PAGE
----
ChatGPT will benefit the public if regulated


Deepak Pal | Flickr

Misheel Bayasgalan, Copy Editor

As artificial intelligence technology pervades the mainstream with greater frequency, users and developers should both embrace and regulate its use to ensure safe and fair usage, especially in the context of education and work.

ChatGPT, a chatbot launched by OpenAI in November 2022, can generate human-like text responses to a given prompt.

The artificial intelligence-based technology made headlines in recent weeks for successfully passing several professional certification exams such as the United States Medical Licensing Exam, the multiple-choice component of the Multistate Bar Examination and the final exam of a core course of the Wharton School’s MBA program.

Researchers found that ChatGPT demonstrated high levels of consistency and insight in its explanations on the USMLE. In the case of the bar exam, ChatGPT-3.5 scored at 50%, which is higher than the baseline guessing rate of 25% on 4-option multiple-choice questions.

A research paper by University of Pennsylvania Professor Christian Terwiesch, titled “Would Chat GPT Get a Wharton MBA?,” analyzed how ChatGPT performed on an Operations Management final exam administered at Wharton, which is not unlike similar assessments attempted by business students at Baruch.

The findings entailed that “the present version of Chat GPT is not capable of handling more advanced process analysis questions, even when they are based on fairly standard templates.”

While the software was able to imbue its answers to questions based on analysis and case studies with insight and explanations, it still made simple mathematical calculation errors.

According to Terwiesch, these findings are good news for students and knowledge workers because they indicate that there is no immediate competition from AI technology.

However, ChatGPT’s ability to improve efficiency and accuracy in the workplace, automate repetitive tasks and enhance decision making will undoubtedly impact demand in the job market soon enough.

Moreover, continued investments in the development of AI technology and the resulting increase in ChatGPT’s popularity signal a need for regulations.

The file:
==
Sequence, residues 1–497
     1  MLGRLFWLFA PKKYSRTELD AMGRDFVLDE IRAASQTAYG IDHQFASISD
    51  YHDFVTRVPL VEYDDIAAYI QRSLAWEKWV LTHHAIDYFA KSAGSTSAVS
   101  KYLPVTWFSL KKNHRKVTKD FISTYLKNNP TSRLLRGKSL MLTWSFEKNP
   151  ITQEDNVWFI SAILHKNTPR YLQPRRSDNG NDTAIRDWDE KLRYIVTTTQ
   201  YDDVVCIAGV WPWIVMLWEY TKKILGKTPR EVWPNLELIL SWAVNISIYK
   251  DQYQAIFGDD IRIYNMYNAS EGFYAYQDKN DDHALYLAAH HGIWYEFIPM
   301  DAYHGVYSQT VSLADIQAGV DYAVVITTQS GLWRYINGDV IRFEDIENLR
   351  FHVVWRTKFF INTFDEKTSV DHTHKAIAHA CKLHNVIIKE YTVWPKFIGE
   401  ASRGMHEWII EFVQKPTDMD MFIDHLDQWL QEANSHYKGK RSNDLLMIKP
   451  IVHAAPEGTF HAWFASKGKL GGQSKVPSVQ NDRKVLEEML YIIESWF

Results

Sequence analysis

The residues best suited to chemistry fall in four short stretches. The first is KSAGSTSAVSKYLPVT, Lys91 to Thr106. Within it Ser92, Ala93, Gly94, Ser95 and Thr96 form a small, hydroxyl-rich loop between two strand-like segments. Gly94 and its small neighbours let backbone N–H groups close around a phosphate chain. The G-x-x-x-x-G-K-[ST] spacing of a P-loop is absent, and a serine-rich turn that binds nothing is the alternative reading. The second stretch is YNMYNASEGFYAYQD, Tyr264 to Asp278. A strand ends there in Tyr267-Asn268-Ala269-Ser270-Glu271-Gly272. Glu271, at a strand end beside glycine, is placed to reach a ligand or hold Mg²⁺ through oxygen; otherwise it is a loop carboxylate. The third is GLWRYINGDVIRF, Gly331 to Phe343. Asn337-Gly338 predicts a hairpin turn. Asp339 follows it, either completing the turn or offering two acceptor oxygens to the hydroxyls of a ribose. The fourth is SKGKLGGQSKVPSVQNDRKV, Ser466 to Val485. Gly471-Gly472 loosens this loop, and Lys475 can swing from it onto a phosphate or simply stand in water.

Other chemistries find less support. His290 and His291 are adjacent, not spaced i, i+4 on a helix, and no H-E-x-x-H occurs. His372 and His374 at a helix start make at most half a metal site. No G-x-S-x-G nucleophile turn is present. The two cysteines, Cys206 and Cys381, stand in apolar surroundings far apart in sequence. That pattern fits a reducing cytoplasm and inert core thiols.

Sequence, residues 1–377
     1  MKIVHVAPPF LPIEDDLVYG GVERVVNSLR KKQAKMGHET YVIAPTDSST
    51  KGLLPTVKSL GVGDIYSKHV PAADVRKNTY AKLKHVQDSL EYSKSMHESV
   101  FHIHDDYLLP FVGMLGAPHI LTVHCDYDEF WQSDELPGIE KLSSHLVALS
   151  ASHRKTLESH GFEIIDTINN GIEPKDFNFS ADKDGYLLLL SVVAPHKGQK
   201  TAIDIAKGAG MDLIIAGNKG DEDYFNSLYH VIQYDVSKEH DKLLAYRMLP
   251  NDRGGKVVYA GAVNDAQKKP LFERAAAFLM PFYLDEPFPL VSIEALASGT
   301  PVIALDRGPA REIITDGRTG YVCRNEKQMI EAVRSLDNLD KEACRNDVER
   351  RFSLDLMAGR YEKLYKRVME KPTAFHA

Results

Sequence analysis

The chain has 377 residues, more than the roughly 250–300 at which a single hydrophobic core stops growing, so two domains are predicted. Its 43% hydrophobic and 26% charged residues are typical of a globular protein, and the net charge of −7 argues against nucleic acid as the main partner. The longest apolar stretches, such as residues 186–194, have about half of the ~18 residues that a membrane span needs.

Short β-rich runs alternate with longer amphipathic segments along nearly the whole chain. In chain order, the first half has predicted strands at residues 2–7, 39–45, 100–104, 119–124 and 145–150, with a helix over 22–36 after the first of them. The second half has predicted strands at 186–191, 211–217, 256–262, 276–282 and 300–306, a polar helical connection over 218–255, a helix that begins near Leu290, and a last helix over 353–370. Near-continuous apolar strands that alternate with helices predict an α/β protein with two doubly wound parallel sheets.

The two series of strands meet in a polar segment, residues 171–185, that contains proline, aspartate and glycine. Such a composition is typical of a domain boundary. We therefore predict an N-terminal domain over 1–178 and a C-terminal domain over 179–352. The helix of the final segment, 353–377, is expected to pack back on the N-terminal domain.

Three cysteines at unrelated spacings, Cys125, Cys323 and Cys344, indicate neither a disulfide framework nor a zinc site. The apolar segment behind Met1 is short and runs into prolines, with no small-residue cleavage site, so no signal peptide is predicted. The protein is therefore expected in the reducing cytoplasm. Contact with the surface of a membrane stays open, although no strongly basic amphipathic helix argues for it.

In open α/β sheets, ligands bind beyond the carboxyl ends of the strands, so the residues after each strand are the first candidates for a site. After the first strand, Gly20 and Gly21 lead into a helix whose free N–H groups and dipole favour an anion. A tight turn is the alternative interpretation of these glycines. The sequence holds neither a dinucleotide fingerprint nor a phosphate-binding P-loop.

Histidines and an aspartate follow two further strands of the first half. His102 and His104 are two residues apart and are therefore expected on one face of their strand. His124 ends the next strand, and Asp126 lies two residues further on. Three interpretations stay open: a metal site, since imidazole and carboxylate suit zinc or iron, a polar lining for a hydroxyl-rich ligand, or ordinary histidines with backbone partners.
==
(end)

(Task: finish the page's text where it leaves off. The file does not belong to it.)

Many educators are worried about students’ usage of AI to cheat on assignments. GPTZero., a new app created by Princeton University student Edward Tian, addresses this concern through its ability to “decipher whether a human or ChatGPT authored an essay.”

But while this is certainly an effective tool in fighting AI plagiarism, it is not a sustainable solution.

The key issue here seems to be a persisting stigma surrounding the use of AI in the context of education. Educators must first embrace the technology, which is becoming more mainstream by the day, to set guidelines for fair and safe usage.

Students will likely continue to employ ChatGPT regardless of restrictions set by their school. Thus, banning ChatGPT will ultimately be futile; instead, schools should be working to provide regulated access to the chatbot so that it could be used to further students’ educations.

Microsoft is an example of a company which has embraced AI technology in the workplace by investing $10 billion into OpenAI in January alone.

The software vendor seeks to increase the existing partnership between the two companies and incorporate more AI into Microsoft’s widely used suite of products.

This is a crucial stage in AI’s growth and improvement. More safety features should be incorporated into the software, such as barring chatbots from giving counsel on topic areas that require advanced degrees, such as medical, financial and legal advice.

Furthermore, policymakers should strive to understand contemporary technologies better and start thinking about how to shape the space to allow for developments that benefit society but also protect consumers.